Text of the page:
I urge you to create your own Free Time Fulfillment Scale. It's simple; make a list of everything you do with your free time, and rate how happy you feel after you've finished each activity. If there is something on there that doesn't make you feel as great as you thought it should, get rid of it. Cut back. Scrap it. Replace it with something more fulfilling. No one ever said you have to continue watching a crappy tv show, or go out for poorly made margarita after work just because you're used to it. Be honest with yourself.

Good luck, everyone. Happy wagoning.

Thursday, July 8, 2010

Heat Wave or Heat Slap: You Decide

I'm gonna go with Heat Slap. NYC has been in the high 90s and low 100s for the past five days or so, and I can't take it anymore. Nothing kills my workout like the heat + humidity combo; I'd rather run in 30 degree weather with eight layers on than try to workout in this stickyness.

But I do have the Queens Half-Marathon coming up at the end of July, and I am going to prepare to have to run in heat. Safely.

Since the heat can be deadly if you aren't smart about training in it, here are some tricks I use during sweltering summer months that get me through my workouts:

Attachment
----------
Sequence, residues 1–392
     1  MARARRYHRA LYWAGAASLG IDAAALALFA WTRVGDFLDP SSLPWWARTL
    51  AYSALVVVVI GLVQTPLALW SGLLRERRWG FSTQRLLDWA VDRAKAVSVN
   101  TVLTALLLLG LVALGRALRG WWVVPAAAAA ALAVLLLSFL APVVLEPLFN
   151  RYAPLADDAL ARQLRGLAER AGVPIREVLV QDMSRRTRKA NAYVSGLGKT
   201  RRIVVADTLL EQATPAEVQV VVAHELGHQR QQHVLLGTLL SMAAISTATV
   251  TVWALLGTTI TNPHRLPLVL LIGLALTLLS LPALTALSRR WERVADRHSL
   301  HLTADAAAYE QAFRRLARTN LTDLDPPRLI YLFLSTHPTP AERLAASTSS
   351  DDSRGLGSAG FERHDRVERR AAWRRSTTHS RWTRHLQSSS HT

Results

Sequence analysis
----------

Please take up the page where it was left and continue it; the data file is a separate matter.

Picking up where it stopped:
1. Pre-Workout Hydration: I can't emphasis enough how important this is, and by pre-hydrate, I mean drink up your h2o the night before your workout, especially if you're planning on being out during maximum sun exposure hours (10am-3pm). Obviously, chugging a half-gallon of water right before you workout at noon will only make you puke alongside your favorite running route. Remember, caffeine and alcohol will both dehydrate you.

2. Shoot for Sunrise: Early morning workouts are obviously the best during the summer because it is the coolest daylight time to workout in. Also, if you live in an urban area like I do, asphalt and pavement soak in heat as the day progresses. On a morning run, these surfaces have had a chance to cool overnight. Also, pollution levels are generally lower in the morning. And you have your whole day ahead of you to not worry about your workout because you already did it! Everyone wins!